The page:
Today that landed us in Aomori, a small city in Northern Japan. After spending two hours researching things to do there, I had found only one possibility: eat apples. The city is known for having good apples, and nothing else whatsoever.
With 14 hours before our next train to Sapporo, we had to find something else to do. To fuel our brainstorming we found a little trendy Italian restaurant called Piccolo. Even one-street towns in Japan have restaurants with beautiful interior design. It's important here. We lucked out - they use high quality ingredients, make their own sauces, and use extra virgin olive oil.
I got to the train station in Georgia at 7:30pm, Tuesday the 5th. I arrived in Burlington, North Carolina at 10:00am, Wednesday the 6th. It was a looong train ride. I saw TK17/Duncan waiting for me as the train pulled up, I recognized him from his Pilgrimage video. We all got introduced, and then headed to IHOP for breakfast (my first meal in almost 15 hours). Most of Wednesday was spent resting, and I led a small training session at UNC – Chapel Hill that evening showcasing some of the different training methods I'd learned on my trip. The real adventure of North Carolina happened Thursday, though.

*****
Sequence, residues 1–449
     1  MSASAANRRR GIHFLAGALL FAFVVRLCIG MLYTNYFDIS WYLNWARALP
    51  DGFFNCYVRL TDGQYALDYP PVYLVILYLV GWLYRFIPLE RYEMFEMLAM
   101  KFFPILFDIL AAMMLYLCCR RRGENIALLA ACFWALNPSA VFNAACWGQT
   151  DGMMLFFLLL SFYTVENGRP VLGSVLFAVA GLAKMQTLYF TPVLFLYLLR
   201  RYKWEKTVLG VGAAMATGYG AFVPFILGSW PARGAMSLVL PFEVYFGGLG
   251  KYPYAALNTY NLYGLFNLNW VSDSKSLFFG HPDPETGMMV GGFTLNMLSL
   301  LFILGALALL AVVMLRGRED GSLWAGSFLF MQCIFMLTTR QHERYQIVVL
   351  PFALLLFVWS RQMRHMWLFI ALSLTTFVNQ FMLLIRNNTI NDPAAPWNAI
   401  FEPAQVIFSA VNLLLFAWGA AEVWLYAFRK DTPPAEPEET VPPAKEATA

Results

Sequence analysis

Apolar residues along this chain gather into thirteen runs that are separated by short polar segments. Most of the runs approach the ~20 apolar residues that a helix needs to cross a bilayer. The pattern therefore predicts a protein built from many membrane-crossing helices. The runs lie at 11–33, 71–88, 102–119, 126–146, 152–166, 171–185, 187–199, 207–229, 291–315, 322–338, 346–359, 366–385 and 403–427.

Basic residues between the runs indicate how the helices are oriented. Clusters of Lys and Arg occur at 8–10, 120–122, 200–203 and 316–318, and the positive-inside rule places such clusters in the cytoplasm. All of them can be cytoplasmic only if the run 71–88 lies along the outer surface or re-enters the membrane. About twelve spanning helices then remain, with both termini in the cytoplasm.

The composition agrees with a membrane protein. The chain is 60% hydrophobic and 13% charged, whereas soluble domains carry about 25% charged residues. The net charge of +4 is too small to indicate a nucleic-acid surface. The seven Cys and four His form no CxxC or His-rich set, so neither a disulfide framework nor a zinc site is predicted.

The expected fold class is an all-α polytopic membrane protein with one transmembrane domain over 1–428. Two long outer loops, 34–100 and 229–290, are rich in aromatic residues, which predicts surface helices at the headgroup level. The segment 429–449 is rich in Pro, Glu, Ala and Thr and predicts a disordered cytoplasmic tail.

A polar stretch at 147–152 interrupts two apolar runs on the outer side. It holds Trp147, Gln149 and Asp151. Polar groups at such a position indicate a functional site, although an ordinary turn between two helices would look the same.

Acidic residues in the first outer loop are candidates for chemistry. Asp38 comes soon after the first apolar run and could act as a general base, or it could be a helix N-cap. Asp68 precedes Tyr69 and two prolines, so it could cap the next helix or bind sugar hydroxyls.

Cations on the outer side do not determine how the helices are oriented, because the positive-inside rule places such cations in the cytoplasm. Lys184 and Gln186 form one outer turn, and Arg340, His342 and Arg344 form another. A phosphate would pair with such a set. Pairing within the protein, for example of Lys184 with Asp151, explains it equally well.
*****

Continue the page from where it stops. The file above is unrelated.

We left around 9am from Duncan's house in three cars. The plan was to rendezvous with two other people, and then go hiking all day at Table Rock, a huge series of mountains and rocks, with a valley containing the “North Carolina Wall.” The trip started off well enough, and then we hit a bump.
Two of the cars were already full, the third car had enough room for the two extra passengers we were picking up. The third car also happened to develop a transmission problem that prevented it from shifting out of second gear. This pretty much makes it an adventure to get out of your neighborhood. We parked it at a Dairy Cream off of the highway, and reconsolidated passengers, then headed to pick up the two extra people.
They were waiting in a parking lot of a strip mall, and as we pulled up we realized a new problem. Since the car broke down, we now had 9 seats and 11 people. I spent the next 3 hours of our journey to Table Rock in the trunk of a Honda Element.